Story Source:

The above story is based on materials provided by University of Haifa. Note: Materials may be edited for content and length.


Cite This Page:

University of Haifa. "Music therapy can assist toddlers' communication rehabilitation process." ScienceDaily. ScienceDaily, 7 January 2010. <www.sciencedaily.com/releases/2010/01/100106093636.htm>.
University of Haifa. (2010, January 7). Music therapy can assist toddlers' communication rehabilitation process. ScienceDaily. Retrieved July 25, 2014 from www.sciencedaily.com/releases/2010/01/100106093636.htm
University of Haifa. "Music therapy can assist toddlers' communication rehabilitation process." ScienceDaily. www.sciencedaily.com/releases/2010/01/100106093636.htm (accessed July 25, 2014).

Share This




More Mind & Brain News

Friday, July 25, 2014

Featured Research

from universities, journals, and other organizations


Featured Videos

from AP, Reuters, AFP, and other news services

New Painkiller Designed To Discourage Abuse: Will It Work?

New Painkiller Designed To Discourage Abuse: Will It Work?

Newsy (July 24, 2014) The FDA approved Targiniq ER on Wednesday, a painkiller designed to keep users from abusing it. Like any new medication, however, it has doubters. Video provided by Newsy
Powered by NewsLook.com
Can Watching TV Make You Feel Like A Failure?

Can Watching TV Make You Feel Like A Failure?

Newsy (July 24, 2014) A study by German researchers claims watching TV while you're stressed out can make you feel guilty and like a failure. Video provided by Newsy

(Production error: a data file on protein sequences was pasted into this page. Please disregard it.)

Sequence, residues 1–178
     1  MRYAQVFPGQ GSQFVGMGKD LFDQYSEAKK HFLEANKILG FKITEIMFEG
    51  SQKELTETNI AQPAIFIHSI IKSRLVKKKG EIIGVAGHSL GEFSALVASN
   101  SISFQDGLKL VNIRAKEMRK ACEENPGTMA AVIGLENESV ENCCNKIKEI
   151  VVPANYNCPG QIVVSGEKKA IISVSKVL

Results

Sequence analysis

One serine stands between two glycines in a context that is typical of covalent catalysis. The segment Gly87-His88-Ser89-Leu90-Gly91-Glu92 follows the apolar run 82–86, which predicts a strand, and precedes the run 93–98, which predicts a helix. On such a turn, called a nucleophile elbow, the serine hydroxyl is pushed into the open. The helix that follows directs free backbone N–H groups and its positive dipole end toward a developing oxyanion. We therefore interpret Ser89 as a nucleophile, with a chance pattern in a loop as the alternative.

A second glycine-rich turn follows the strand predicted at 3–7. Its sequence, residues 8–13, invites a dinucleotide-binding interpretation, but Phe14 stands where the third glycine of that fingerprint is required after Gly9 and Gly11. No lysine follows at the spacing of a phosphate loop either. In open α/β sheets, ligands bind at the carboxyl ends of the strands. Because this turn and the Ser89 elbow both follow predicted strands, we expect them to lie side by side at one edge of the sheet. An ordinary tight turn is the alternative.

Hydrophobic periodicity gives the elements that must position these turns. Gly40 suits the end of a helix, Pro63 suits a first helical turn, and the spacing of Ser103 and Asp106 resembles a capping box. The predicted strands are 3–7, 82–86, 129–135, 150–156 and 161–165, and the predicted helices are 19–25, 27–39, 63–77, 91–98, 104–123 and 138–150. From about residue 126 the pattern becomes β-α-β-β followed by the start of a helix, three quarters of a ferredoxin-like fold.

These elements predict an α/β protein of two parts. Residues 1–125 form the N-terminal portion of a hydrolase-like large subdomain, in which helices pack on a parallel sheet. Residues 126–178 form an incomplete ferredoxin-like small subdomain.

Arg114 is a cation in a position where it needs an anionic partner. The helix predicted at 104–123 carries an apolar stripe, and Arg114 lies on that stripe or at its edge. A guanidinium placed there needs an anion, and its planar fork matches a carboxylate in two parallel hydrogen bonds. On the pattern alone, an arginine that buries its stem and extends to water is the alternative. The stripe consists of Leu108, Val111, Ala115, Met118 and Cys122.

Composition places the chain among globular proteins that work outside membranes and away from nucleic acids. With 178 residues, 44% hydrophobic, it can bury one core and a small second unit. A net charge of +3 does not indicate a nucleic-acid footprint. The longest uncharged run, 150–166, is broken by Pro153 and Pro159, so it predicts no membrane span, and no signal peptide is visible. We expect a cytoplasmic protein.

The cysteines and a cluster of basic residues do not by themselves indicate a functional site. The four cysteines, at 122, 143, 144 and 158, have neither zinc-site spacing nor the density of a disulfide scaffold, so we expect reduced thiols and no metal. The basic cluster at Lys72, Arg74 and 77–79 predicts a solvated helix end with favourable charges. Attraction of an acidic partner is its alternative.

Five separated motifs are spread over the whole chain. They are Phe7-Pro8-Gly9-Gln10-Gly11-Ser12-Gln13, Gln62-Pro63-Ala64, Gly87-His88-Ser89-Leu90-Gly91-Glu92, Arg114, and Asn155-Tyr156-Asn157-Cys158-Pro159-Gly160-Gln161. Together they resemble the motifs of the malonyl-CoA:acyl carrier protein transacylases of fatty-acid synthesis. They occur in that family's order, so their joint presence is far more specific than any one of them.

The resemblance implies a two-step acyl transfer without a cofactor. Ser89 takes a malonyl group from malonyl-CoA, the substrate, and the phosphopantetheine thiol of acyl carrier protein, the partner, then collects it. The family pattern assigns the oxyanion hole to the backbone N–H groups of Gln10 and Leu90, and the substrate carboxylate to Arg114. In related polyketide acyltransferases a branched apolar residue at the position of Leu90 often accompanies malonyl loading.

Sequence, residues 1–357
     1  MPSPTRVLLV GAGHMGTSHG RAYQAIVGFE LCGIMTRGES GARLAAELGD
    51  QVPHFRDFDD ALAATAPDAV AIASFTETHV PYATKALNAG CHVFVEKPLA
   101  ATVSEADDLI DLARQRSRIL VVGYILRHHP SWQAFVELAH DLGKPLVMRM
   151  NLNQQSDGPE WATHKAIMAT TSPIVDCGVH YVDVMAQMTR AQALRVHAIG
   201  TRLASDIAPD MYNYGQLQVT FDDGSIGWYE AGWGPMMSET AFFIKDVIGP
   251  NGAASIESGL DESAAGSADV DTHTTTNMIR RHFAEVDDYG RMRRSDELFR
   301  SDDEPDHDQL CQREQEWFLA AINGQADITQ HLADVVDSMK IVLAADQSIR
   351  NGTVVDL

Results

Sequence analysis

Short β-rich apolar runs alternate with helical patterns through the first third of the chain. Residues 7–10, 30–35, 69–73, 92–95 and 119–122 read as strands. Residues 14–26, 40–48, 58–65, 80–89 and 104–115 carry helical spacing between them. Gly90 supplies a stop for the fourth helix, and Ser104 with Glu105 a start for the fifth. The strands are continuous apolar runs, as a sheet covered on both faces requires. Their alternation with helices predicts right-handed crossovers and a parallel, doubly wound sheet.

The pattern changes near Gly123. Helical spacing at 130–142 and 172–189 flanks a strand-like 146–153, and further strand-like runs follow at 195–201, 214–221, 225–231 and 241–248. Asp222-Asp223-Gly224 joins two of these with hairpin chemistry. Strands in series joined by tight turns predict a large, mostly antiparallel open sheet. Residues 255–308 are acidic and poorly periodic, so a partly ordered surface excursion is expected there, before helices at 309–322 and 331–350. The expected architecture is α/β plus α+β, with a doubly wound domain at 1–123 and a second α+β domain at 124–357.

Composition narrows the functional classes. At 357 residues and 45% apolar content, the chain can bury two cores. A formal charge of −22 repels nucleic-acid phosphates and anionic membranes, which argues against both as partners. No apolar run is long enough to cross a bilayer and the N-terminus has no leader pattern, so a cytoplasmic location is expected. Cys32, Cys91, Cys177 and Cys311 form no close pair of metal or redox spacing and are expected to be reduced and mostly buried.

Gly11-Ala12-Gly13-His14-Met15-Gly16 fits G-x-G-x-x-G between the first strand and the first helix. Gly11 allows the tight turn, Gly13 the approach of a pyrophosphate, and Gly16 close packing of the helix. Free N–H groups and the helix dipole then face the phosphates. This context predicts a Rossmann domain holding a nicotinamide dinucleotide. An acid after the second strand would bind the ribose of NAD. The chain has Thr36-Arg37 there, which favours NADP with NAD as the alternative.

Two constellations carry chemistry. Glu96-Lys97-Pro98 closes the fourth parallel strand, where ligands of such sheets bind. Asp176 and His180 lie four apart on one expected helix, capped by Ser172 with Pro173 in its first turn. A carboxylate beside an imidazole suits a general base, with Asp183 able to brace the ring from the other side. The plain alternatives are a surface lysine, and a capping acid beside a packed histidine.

Powered by NewsLook.com
China's Ageing Millions Look Forward to Bleak Future

China's Ageing Millions Look Forward to Bleak Future

AFP (July 24, 2014) China's elderly population is expanding so quickly that children struggle to look after them, pushing them to do something unexpected in Chinese society- move their parents into a nursing home. Duration: 02:07 Video provided by AFP
Powered by NewsLook.com
Idaho Boy Helps Brother With Disabilities Complete Triathlon

Idaho Boy Helps Brother With Disabilities Complete Triathlon

Newsy (July 23, 2014) An 8-year-old boy helped his younger brother, who has a rare genetic condition that's confined him to a wheelchair, finish a triathlon. Video provided by Newsy
Powered by NewsLook.com

Search ScienceDaily

Number of stories in archives: 140,361

Find with keyword(s):
Enter a keyword or phrase to search ScienceDaily for related topics and research stories.

Save/Print:
Share:

Breaking News:
from the past week

In Other News

... from NewsDaily.com

Science News

    Health News

      Environment News

        Technology News



          Save/Print:
          Share:

          Free Subscriptions


          Get the latest science news with ScienceDaily's free email newsletters, updated daily and weekly. Or view hourly updated newsfeeds in your RSS reader:

          Get Social & Mobile


          Keep up to date with the latest news from ScienceDaily via social networks and mobile apps:

          Have Feedback?


          Tell us what you think of ScienceDaily -- we welcome both positive and negative comments. Have any problems using the site? Questions?
          Mobile: iPhone Android Web
          Follow: Facebook Twitter Google+
          Subscribe: RSS Feeds Email Newsletters
          Latest Headlines Health & Medicine Mind & Brain Space & Time Matter & Energy Computers & Math Plants & Animals Earth & Climate Fossils & Ruins